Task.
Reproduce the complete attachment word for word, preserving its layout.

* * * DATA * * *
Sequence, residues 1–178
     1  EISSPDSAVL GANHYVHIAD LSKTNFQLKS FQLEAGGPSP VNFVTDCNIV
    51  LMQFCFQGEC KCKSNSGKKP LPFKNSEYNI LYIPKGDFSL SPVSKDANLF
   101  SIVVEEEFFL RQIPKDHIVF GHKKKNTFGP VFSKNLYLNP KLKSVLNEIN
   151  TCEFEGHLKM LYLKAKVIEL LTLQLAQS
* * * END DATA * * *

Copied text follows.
Sequence, residues 1–178
     1  EISSPDSAVL GANHYVHIAD LSKTNFQLKS FQLEAGGPSP VNFVTDCNIV
    51  LMQFCFQGEC KCKSNSGKKP LPFKNSEYNI LYIPKGDFSL SPVSKDANLF
   101  SIVVEEEFFL RQIPKDHIVF GHKKKNTFGP VFSKNLYLNP KLKSVLNEIN
   151  TCEFEGHLKM LYLKAKVIEL LTLQLAQS